EXIM Bank's fate is tied to the outcome of Senate midterms

EXIM Bank's fate is tied to the outcome of Senate midterms
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Pollsters are predicting that Kavanaugh’s confirmation has galvanized Republicans and enhanced Senate Majority Leader Mitch McConnellAddison (Mitch) Mitchell McConnellThe Hill's Morning Report — Presented by Facebook — Washington, Wall Street on edge about coronavirus Overnight Energy: Murkowski, Manchin unveil major energy bill | Lawmakers grill EPA chief over push to slash agency's budget | GOP lawmaker accuses Trump officials of 'playing politics' over Yucca Mountain Lawmakers race to pass emergency coronavirus funding MORE's (R-Ky.) chances of retaining Senate control.

Meanwhile, for the last three years, and with little notice, McConnell has deployed tactics to contravene the support of the president and bipartisan congressional majorities to cripple the U.S. Export-Import Bank (EXIM).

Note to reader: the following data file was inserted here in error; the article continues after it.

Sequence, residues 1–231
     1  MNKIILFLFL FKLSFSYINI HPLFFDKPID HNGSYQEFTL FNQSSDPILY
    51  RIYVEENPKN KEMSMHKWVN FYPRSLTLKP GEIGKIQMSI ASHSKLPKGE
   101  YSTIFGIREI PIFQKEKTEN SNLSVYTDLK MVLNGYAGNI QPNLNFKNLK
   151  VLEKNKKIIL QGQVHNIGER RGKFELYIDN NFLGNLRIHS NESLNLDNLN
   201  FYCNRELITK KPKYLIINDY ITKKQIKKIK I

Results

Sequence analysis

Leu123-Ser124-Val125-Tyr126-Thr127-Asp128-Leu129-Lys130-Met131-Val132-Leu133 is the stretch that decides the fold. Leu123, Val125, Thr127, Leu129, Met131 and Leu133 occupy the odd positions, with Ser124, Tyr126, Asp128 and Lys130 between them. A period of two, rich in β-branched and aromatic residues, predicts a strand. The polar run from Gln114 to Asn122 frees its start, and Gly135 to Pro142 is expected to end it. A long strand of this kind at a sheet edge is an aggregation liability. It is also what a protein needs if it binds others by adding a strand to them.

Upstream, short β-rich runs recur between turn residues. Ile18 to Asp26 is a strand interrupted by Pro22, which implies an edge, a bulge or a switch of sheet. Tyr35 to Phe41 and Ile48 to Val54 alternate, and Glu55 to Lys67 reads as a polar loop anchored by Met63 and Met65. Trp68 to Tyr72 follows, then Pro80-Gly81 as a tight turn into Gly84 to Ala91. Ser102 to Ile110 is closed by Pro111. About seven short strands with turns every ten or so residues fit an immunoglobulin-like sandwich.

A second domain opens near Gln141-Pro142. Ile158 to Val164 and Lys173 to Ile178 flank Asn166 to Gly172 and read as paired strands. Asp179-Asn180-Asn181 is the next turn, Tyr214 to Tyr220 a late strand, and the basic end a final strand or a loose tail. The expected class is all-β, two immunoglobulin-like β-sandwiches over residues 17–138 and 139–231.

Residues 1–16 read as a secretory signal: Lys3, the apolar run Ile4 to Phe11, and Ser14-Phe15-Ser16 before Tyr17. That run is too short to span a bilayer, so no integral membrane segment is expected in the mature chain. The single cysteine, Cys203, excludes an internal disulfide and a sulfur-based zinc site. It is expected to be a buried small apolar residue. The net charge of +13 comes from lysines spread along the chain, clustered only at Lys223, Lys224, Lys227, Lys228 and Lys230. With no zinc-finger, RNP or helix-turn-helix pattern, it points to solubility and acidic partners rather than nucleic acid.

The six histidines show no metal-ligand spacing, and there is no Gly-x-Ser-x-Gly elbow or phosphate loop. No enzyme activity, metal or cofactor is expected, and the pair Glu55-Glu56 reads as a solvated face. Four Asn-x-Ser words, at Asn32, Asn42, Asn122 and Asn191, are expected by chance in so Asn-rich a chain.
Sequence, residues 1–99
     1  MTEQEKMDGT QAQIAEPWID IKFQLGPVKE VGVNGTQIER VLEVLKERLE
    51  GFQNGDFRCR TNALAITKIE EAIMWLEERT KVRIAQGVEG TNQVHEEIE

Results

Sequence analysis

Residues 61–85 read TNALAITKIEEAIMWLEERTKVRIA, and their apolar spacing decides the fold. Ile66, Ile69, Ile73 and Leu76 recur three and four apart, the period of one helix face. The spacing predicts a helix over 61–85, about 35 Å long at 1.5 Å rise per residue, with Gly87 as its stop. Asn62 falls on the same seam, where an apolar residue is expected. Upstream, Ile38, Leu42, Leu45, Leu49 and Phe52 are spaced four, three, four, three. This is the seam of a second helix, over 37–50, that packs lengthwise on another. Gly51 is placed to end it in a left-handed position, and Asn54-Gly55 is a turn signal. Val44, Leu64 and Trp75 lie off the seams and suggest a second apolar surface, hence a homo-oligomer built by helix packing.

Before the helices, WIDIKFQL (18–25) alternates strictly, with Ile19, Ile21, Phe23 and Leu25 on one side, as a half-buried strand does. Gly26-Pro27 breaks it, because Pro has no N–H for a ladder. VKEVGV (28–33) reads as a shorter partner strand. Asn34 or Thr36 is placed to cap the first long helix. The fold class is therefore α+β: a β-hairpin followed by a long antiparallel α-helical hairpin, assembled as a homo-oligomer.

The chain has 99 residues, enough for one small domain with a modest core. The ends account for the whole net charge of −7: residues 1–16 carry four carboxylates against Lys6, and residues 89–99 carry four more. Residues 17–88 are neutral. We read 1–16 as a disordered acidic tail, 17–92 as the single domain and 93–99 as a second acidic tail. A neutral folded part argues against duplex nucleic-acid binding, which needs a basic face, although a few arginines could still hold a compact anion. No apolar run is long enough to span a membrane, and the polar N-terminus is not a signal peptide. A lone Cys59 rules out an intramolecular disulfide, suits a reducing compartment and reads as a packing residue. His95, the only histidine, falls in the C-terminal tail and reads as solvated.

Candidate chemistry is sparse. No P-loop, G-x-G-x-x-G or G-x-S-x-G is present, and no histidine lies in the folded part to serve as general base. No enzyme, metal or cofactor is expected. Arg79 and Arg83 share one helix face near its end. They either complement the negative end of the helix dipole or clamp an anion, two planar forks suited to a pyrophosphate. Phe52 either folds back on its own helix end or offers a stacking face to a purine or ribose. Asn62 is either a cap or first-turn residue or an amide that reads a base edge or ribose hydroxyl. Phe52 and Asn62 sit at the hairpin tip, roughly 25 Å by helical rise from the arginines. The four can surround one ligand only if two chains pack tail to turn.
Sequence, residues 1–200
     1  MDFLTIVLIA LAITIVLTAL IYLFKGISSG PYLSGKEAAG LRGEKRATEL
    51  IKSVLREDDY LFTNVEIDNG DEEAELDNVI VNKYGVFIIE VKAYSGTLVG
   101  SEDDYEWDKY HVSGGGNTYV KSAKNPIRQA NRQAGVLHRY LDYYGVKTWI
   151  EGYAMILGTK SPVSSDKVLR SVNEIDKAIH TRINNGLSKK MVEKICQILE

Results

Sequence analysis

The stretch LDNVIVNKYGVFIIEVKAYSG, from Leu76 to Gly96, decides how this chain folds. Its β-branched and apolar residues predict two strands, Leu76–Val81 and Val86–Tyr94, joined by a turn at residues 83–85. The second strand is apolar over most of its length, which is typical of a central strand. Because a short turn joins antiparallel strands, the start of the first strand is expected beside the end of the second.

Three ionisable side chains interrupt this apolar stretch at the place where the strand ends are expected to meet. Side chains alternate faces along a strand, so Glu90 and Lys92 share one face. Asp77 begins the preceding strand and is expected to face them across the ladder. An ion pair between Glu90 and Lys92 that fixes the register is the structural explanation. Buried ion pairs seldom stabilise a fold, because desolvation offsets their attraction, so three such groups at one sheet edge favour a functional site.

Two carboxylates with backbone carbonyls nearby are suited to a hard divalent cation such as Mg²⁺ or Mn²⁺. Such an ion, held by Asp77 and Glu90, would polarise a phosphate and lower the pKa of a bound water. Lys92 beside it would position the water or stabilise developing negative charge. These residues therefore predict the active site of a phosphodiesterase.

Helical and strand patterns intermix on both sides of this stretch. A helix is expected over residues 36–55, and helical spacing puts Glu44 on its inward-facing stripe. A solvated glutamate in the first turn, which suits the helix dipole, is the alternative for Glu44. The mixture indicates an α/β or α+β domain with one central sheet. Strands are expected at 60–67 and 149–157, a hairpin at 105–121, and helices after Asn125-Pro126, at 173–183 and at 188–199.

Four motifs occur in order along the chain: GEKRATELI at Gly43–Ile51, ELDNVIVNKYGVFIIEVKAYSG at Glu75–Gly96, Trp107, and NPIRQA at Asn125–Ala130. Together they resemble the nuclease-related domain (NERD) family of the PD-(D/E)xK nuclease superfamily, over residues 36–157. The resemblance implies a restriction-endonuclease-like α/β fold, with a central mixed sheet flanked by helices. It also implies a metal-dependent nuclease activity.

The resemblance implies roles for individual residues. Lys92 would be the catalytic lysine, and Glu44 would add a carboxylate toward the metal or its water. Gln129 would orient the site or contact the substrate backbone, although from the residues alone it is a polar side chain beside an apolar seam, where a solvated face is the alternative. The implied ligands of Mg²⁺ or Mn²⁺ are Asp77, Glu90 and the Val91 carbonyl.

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As the official U.S. export credit agency (ECA), EXIM provides loans, guarantees and other financial assistance (export support) to facilitate foreign purchases of U.S. exports. Seventy-nine countries outside the United States have ECAs.

Because of McConnell’s block of board nominees, EXIM lacks the quorum needed to support deals over $10 million, which historically comprise 80 percent of bank lending.

Ten years ago, EXIM responded to the Great Recession by tripling export support, financing $30 billion annually of U.S. exports over a five-year period, creating over a million jobs.

Because big deals make money, EXIM made a $3.8 billion profit under Obama. But without a quorum, authorizations fell to $3.4 billion last year. Limited to small, less-profitable deals, EXIM now costs taxpayers money.

To block EXIM, McConnell’s Senate has pulled out the Supreme Court playbook. Similar to the Merrick GarlandMerrick Brian GarlandDC wine bar loses appeal in lawsuit against Trump hotel Mitch McConnell may win the impeachment and lose the Senate The Trumpification of the federal courts MORE nomination, with McConnell’s support, Sen. Shelby (R-Ala.) held no hearings on Obama nominees, and nominations expired.